Caryn Mirriam-Goldberg
Last Modified: July 16, 2003

I stood in front of the mirror bare-chested,
a flat slate, open field, horizonless
like the round earth isn't really
so round anymore.

The slim trails of stitches, crooked line
that climbs a little, dives a little
across each side. The branding
in my clavicle where chemo port went in,
chemo port came out, the almost
invisible pink line in the left armpit
in lieu of lymph nodes there, and
the ruddy thicker line down my stomach
to pubic bone, dividing belly into two halves --

all the parts exposed, slashed expertly open,
all these parts surrendering their goods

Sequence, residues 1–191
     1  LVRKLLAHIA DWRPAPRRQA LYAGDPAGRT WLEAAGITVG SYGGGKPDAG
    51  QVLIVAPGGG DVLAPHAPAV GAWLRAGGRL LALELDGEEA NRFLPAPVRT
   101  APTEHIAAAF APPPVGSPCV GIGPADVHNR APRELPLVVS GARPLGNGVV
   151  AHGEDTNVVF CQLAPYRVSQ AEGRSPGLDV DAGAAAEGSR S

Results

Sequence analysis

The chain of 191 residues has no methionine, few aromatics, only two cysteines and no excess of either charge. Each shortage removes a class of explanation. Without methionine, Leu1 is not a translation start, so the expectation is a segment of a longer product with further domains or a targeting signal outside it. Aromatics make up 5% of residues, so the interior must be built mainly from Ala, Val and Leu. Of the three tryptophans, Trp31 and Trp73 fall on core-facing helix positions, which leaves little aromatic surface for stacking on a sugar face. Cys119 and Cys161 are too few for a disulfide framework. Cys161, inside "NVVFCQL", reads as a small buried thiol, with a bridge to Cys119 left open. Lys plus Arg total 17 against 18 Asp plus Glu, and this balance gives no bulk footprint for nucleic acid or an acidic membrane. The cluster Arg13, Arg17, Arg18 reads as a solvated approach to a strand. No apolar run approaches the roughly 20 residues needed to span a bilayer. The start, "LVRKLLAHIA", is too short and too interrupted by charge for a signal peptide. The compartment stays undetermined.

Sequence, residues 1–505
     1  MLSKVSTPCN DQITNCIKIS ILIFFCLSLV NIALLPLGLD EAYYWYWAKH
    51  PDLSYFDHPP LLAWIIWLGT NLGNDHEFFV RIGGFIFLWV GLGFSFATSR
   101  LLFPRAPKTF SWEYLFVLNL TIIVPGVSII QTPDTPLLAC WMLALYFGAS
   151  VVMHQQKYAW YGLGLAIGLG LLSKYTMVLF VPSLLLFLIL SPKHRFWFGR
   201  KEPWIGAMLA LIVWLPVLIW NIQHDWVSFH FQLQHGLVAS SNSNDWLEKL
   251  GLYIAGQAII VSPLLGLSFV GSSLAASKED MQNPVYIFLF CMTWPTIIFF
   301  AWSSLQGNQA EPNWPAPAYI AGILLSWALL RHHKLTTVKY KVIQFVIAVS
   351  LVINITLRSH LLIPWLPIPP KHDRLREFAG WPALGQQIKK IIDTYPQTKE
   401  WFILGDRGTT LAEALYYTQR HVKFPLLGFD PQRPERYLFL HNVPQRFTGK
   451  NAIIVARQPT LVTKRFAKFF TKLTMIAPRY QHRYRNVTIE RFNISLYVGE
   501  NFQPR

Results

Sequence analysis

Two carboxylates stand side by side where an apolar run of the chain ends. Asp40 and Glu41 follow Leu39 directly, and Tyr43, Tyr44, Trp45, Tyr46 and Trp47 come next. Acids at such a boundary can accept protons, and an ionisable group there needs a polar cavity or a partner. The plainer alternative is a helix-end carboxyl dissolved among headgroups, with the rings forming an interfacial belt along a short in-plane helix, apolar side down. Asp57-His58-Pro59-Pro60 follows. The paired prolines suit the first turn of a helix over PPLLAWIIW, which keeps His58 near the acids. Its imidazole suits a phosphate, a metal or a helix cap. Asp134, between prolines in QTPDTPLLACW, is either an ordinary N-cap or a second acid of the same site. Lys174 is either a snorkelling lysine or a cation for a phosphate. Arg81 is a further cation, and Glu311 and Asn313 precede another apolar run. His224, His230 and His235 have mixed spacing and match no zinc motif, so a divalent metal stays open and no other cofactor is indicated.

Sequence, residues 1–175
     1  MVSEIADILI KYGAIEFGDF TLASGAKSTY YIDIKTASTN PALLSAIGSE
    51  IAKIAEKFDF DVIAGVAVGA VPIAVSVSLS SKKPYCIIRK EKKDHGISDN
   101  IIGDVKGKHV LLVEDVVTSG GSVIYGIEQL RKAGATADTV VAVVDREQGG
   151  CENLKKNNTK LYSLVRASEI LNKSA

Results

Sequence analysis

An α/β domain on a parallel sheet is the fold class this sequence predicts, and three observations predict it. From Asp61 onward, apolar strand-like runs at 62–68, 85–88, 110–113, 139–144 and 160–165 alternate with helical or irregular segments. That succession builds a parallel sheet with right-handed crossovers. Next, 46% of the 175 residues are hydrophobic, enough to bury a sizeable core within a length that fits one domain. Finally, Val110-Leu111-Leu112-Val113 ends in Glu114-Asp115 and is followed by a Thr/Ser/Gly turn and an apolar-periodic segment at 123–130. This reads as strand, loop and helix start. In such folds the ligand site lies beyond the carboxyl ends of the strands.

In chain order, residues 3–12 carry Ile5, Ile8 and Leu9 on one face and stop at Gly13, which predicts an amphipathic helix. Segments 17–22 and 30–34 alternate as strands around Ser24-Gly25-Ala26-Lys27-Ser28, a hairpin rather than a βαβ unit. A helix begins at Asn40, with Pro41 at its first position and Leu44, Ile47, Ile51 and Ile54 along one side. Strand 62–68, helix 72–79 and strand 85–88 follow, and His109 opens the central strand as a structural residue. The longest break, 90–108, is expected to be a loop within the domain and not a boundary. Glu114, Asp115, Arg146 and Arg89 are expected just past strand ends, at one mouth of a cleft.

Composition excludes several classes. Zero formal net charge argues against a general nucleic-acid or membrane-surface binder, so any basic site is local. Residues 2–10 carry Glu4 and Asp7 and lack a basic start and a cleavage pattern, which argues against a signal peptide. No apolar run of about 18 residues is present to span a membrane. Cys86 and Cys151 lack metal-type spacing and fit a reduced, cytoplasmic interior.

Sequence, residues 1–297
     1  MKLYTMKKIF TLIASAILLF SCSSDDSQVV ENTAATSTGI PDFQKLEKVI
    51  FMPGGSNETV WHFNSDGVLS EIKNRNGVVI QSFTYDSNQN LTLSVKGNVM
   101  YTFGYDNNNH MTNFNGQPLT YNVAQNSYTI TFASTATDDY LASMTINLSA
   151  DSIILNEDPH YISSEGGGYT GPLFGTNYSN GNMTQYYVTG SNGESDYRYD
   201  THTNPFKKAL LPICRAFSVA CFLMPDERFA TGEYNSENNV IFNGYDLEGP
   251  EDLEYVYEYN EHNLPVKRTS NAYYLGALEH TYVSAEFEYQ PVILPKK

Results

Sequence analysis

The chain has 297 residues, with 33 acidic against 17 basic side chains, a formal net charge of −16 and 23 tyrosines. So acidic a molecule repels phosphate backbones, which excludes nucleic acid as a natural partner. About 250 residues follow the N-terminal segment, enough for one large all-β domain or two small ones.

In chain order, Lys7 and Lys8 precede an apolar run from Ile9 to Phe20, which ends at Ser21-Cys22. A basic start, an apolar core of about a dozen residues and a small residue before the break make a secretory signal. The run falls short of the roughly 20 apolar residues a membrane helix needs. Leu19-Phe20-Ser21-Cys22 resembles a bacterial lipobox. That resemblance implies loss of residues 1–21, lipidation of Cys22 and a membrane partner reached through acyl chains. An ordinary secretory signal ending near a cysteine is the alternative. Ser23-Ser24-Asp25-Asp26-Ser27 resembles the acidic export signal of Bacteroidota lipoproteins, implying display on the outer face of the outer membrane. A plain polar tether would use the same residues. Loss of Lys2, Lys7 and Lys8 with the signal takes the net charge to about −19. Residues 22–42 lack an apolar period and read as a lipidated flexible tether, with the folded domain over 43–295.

to the surgeon's hands, sealing themselves
back up like the earth cut open, excavated,
relandscaped to accommodate new clearings,
the mining for danger and risk,
the yearning for long life.

I stood in front of this mirror
while the moon hung soft and round
in the corner of the bathroom window,
while the kids argued in the other room
over the clashing tones of television,
while the cat slept on my bed just beyond,
while the bathwater roared into its container
soon ready to part and let me in,

and I knew it was still the same place --
the same grasslands, butterfly milkweed,
the same storms parading over --
of my body.

All the skin complete,
all the blood complete,
all the muscle complete,
all the tears, all the breathing
ongoing toward this completeness,
and all of it, beyond understanding, good.


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